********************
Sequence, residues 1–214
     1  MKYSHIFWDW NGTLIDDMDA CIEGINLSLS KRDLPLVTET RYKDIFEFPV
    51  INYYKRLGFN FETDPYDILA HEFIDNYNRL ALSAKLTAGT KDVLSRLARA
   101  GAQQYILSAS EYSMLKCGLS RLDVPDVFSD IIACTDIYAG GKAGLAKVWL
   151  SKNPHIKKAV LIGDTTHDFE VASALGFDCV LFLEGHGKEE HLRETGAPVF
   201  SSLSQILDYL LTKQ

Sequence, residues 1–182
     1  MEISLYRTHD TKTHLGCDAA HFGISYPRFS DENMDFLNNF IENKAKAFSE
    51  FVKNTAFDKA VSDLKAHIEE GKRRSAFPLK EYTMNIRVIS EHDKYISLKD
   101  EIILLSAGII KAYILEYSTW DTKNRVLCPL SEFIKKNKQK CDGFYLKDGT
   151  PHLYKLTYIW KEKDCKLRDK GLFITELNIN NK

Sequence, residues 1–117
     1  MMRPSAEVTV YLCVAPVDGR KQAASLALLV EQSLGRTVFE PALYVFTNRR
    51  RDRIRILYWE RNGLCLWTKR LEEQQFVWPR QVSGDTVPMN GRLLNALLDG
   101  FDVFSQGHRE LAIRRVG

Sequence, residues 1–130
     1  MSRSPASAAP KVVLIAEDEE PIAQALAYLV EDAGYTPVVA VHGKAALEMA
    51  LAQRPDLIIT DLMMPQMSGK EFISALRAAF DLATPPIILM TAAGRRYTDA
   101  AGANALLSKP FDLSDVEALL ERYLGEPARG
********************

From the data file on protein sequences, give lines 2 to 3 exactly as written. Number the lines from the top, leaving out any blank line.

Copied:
     1  MKYSHIFWDW NGTLIDDMDA CIEGINLSLS KRDLPLVTET RYKDIFEFPV
    51  INYYKRLGFN FETDPYDILA HEFIDNYNRL ALSAKLTAGT KDVLSRLARA